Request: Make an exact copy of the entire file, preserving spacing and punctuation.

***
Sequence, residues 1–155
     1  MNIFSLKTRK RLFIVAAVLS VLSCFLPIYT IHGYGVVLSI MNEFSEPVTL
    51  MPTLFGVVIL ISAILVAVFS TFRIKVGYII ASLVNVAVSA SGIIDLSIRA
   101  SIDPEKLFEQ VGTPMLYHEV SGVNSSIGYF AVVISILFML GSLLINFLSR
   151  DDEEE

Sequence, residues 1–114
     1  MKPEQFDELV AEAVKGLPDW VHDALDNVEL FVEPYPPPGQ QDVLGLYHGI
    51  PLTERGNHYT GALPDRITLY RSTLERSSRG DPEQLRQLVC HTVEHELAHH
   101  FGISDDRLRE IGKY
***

Sequence, residues 1–155
     1  MNIFSLKTRK RLFIVAAVLS VLSCFLPIYT IHGYGVVLSI MNEFSEPVTL
    51  MPTLFGVVIL ISAILVAVFS TFRIKVGYII ASLVNVAVSA SGIIDLSIRA
   101  SIDPEKLFEQ VGTPMLYHEV SGVNSSIGYF AVVISILFML GSLLINFLSR
   151  DDEEE

Sequence, residues 1–114
     1  MKPEQFDELV AEAVKGLPDW VHDALDNVEL FVEPYPPPGQ QDVLGLYHGI
    51  PLTERGNHYT GALPDRITLY RSTLERSSRG DPEQLRQLVC HTVEHELAHH
   101  FGISDDRLRE IGKY